First Minister Arlene Foster has attended an interdemoninational service to mark the 40th anniversary of the Kingsmill massacre where 10 Protestant workmen were shot dead by the IRA.
Afterwards she described the murders of the men as "one of the cruelest and cold blooded acts of terrorism during the Troubles."
She added: "Those who try to rewrite the past by telling us that the men and women of PIRA were involved in some kind of noble battle need to explain what was noble about Kingsmills. It was an act of barbarism."
She joined with politicians, clergy and families of the victims at the service from 3pm Sunday at Bessbrook Town Hall.
Justice Minister David Ford, Ulster Unionist leader Mike Nesbitt and Jim Allister, leader of the TUV were also there.
The murder of the ten men - mainly textile workers - was one of the most heinous crimes in the Troubles.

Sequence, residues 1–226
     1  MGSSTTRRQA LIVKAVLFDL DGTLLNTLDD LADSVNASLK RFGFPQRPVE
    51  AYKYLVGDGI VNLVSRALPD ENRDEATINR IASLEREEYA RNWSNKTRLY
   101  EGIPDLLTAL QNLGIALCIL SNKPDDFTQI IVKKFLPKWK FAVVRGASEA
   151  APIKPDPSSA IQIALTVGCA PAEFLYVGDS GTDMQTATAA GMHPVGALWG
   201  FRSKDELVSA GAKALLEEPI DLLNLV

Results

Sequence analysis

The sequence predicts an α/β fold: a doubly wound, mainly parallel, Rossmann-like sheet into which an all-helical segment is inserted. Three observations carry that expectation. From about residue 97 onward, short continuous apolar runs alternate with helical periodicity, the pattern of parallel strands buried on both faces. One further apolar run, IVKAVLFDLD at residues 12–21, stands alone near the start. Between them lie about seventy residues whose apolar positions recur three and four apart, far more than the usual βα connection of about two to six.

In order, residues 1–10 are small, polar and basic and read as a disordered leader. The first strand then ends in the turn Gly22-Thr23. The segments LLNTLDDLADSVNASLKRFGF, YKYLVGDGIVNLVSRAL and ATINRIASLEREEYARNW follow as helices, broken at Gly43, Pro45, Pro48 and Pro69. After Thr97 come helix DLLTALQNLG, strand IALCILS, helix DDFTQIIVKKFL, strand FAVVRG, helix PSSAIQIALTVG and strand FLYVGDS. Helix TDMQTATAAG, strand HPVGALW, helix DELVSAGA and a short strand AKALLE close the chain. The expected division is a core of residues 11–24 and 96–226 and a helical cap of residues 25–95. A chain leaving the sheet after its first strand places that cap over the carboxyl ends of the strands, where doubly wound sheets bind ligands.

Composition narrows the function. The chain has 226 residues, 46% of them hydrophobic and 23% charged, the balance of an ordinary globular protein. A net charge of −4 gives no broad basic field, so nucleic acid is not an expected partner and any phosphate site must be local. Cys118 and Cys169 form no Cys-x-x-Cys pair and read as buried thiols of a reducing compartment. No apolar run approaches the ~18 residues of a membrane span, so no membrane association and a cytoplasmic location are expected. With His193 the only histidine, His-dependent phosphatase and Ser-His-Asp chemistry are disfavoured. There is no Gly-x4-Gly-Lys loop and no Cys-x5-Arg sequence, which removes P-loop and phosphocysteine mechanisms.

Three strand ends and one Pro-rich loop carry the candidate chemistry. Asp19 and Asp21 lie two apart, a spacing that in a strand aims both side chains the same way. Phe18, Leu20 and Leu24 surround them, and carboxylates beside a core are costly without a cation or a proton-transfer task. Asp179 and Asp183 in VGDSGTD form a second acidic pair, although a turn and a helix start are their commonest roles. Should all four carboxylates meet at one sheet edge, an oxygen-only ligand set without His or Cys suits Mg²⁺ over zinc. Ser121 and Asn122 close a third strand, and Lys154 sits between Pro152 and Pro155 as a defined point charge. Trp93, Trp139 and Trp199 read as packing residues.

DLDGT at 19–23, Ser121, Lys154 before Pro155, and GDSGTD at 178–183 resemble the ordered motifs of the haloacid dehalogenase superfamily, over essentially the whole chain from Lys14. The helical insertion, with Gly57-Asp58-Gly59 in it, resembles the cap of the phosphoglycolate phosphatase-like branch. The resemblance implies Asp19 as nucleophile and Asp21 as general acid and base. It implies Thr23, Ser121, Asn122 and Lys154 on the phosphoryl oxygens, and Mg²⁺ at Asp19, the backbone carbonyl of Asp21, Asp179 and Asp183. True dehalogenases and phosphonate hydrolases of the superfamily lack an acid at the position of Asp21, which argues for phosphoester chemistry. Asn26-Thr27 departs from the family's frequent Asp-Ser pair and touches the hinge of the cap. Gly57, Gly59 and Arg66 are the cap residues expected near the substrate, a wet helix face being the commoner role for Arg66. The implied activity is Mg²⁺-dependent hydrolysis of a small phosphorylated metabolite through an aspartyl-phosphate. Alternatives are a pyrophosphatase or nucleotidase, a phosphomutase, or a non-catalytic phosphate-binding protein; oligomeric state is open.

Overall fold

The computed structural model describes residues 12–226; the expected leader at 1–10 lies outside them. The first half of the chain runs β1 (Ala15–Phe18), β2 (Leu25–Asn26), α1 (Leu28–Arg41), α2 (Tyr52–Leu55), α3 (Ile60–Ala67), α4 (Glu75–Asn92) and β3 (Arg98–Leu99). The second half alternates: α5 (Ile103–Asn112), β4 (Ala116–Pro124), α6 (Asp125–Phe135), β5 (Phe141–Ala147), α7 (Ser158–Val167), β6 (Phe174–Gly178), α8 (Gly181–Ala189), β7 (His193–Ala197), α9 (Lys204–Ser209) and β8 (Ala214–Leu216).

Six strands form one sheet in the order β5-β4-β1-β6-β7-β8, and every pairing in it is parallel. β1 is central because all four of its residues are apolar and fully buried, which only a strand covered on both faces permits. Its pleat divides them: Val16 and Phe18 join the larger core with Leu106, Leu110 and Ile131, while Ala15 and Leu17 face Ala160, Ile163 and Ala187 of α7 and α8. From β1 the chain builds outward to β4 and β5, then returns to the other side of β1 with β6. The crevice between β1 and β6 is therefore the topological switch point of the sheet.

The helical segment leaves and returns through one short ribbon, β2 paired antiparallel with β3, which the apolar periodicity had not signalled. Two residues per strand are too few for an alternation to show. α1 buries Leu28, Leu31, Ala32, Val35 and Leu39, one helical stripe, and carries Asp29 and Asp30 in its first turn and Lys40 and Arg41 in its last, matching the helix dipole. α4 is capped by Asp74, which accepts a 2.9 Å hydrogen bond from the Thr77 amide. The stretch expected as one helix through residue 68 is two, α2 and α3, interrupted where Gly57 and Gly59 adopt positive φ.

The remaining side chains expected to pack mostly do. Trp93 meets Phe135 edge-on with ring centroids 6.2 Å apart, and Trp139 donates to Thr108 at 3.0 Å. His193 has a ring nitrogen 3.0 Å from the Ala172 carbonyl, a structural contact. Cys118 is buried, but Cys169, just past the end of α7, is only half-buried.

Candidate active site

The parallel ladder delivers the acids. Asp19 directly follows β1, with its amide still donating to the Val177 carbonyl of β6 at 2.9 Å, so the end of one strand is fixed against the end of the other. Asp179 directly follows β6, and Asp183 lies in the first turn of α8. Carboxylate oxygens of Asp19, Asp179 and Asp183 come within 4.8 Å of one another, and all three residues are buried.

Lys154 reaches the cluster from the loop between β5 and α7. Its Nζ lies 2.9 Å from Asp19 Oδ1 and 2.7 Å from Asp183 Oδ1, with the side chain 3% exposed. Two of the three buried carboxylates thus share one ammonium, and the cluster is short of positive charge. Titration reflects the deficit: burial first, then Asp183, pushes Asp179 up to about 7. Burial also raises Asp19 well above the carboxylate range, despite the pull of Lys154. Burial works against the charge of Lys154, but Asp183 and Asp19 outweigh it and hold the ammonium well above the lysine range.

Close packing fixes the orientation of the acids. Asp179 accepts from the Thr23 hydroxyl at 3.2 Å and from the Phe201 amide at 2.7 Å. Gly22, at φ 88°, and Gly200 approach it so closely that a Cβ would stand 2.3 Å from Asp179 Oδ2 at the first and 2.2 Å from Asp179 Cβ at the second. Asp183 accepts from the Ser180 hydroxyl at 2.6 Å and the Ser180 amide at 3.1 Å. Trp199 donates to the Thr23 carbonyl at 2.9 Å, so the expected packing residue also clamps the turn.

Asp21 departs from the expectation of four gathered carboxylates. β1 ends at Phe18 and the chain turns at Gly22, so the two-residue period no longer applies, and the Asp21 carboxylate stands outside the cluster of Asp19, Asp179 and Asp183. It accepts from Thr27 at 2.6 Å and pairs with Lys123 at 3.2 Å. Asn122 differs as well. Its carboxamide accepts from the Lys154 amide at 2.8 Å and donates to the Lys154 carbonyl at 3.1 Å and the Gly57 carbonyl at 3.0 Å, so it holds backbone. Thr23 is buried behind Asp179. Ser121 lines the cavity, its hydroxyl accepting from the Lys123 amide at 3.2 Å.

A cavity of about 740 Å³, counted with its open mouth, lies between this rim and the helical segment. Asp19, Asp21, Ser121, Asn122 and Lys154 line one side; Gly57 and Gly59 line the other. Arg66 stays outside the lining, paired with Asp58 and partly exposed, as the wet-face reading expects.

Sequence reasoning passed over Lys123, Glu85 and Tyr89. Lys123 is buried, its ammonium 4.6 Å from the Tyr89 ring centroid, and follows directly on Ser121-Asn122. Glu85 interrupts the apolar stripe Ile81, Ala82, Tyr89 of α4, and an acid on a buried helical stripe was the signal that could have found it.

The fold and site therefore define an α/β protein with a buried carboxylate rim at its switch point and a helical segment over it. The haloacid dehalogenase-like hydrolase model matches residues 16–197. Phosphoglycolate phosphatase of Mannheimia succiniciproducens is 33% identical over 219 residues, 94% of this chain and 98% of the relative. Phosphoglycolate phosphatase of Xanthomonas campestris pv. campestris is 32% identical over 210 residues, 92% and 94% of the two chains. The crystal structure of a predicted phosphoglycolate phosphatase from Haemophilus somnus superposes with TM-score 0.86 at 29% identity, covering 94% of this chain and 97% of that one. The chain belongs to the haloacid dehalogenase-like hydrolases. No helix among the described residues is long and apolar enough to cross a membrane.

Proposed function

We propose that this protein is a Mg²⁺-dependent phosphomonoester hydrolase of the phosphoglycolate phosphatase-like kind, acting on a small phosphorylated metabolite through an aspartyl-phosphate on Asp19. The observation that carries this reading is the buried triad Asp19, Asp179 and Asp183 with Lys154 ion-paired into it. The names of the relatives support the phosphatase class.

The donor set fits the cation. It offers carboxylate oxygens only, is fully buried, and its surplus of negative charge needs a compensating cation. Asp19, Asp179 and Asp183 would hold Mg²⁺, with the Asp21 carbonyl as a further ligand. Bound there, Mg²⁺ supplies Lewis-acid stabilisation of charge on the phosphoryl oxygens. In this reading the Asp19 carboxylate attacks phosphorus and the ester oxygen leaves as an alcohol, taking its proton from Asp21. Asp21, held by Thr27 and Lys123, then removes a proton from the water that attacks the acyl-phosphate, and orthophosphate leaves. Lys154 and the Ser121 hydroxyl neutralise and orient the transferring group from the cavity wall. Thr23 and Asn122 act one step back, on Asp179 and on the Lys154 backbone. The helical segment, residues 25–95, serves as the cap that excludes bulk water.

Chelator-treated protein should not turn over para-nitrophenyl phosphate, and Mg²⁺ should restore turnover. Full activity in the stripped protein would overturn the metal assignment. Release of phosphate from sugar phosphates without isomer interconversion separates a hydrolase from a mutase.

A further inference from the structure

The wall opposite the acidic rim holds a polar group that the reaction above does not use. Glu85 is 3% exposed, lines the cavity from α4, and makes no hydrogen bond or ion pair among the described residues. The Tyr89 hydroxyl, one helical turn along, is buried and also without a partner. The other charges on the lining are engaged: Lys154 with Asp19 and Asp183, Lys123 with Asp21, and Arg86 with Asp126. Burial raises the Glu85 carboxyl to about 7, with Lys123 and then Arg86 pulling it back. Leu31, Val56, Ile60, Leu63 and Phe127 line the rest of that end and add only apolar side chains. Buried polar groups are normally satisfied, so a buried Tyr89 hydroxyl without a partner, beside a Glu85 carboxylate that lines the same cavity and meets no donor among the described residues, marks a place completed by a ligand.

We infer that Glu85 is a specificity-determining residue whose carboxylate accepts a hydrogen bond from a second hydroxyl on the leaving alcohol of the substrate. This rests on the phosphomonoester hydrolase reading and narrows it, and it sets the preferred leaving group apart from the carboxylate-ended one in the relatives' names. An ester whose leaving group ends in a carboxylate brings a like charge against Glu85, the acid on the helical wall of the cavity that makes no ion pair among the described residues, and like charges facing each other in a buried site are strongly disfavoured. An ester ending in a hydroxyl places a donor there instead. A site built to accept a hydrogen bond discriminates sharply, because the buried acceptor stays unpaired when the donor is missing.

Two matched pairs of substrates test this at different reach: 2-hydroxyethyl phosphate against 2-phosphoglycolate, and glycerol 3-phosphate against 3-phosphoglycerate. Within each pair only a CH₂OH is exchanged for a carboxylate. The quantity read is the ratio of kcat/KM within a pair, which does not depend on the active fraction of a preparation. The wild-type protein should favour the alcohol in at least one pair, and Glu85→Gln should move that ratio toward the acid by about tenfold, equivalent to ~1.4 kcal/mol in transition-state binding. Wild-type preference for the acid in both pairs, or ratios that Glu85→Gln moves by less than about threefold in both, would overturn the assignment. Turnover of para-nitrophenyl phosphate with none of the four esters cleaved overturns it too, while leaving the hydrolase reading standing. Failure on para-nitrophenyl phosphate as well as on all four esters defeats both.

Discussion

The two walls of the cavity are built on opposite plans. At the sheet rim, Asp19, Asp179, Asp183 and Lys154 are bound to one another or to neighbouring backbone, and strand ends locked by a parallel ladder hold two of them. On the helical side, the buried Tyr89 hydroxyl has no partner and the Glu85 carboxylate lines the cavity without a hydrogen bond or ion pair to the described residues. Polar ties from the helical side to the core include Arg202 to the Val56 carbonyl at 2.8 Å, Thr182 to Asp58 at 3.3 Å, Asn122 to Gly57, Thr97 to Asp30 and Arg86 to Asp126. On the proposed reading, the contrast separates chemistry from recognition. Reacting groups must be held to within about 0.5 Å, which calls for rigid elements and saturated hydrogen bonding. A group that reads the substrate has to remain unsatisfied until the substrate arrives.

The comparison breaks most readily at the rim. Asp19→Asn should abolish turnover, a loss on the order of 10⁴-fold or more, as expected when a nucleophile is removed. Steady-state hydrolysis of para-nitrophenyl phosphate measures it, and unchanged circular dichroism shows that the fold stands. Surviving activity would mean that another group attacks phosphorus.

They were shot dead by the IRA after they were taken off their work minibus close to the Co Armagh village of Kingsmill in January 5, 1976.
They were John Bryans, Robert Chambers, Reginald Chapman, Walter Chapman, Robert Freeburn, Joseph Lemmon, John McConville, James McWhirter, Robert Samuel Walker and Kenneth Worton.
The only survivor - Alan Black - was only survivor also attended. He was left seriously wounded and spent months in hospital recuperating.
The IRA gang allowed one man to leave unharmed after they found out he was a Catholic.
The event was organised by the Kingsmill Memorial Committee.
A memorial service was also held earlier this mark to mark the anniversary where families of the victims gathered at the spot where they died for a religious service.
Clergy men and women from the local Presbyterian Church, Church of Ireland and Methodist Church - Rev Keith McIntyre, Rev Will McCracken, Dreaning along Rev Frank Gibson took the prayer service while Tullyvallen Silver Band led the Praise.
The service was followed by the relatives' visiting the nearby memorial where they laid wreaths.
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